Individuals and Innovation

Is the Marlboro Man just a myth?

Maybe so, but according to a recent study, it could be a myth with meaning. Endemic to the American character is the notion of the frontier. By global standards, we are a relatively new country. Many Americans can trace their ancestry back to immigrant forbears, be they Scotch-Irish or Scandinavian. And the massive North American continent was settled by these farmer-entrepreneurs.

As a result, the West looms large in our national psyche. Americans celebrate innovation and entrepreneurship, with the iconic “startup-in-a-garage” a starting point for any discussion of new business. But sometimes these national myths are misleading, and the cultural lore built up around them are little more than just-so stories designed to entertain the listener, rather than really explain anything.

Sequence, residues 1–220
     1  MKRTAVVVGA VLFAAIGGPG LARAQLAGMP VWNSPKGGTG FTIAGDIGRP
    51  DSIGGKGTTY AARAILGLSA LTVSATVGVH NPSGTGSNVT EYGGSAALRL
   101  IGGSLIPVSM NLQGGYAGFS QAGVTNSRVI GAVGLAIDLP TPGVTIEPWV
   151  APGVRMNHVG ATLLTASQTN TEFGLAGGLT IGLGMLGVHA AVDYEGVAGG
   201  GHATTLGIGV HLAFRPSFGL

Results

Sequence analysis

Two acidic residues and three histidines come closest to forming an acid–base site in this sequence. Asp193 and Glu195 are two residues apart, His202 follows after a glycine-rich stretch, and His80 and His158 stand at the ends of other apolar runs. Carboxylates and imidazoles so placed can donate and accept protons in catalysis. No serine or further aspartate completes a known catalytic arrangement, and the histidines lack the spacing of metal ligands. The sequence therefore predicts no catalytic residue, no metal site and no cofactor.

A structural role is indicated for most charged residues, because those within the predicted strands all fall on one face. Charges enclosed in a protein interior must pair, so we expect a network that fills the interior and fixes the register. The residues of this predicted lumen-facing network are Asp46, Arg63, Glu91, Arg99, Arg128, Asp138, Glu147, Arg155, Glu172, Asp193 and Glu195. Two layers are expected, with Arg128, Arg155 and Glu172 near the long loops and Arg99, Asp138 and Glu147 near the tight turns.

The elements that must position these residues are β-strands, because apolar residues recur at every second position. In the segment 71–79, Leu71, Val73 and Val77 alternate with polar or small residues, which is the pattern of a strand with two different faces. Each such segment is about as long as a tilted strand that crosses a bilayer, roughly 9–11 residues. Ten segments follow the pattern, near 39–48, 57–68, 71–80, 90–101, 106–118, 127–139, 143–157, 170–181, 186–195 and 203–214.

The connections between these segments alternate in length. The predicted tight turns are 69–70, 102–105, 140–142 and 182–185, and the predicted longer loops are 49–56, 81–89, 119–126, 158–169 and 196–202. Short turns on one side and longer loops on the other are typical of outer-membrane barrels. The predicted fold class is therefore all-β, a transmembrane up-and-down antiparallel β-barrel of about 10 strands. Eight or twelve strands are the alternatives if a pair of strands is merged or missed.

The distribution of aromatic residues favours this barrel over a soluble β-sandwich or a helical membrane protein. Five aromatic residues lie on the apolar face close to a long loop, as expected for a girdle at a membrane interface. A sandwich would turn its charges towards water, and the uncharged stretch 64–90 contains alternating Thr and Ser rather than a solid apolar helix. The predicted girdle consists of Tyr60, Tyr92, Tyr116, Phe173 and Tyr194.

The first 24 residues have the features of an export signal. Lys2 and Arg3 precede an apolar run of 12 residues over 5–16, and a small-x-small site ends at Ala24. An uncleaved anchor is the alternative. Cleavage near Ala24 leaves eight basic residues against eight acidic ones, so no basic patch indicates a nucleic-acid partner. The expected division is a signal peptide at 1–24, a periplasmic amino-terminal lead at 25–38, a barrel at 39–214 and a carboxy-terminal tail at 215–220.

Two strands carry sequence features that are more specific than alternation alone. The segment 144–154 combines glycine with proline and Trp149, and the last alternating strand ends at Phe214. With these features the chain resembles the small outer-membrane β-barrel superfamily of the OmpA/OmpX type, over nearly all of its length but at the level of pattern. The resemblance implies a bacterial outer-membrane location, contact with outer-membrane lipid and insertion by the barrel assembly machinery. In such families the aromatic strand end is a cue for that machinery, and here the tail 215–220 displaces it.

So it was interesting when two economics professors from UC-Berkeley examined global factors of innovation and individualism. They found that the US, UK, and Australia are the most individualist countries in the world, as well as the most innovative, as measured by numerous factors. Not surprisingly, countries that celebrate and reward innovation tend to have higher incomes than countries that require consensus and collectivism.

Culture matters. When the individual is encouraged to take risks and start something new, the economy tends to benefit, even if it is disruptive. Creative destruction creates wealth.

Douglas R. Tengdin, CFA
Chief Investment Officer
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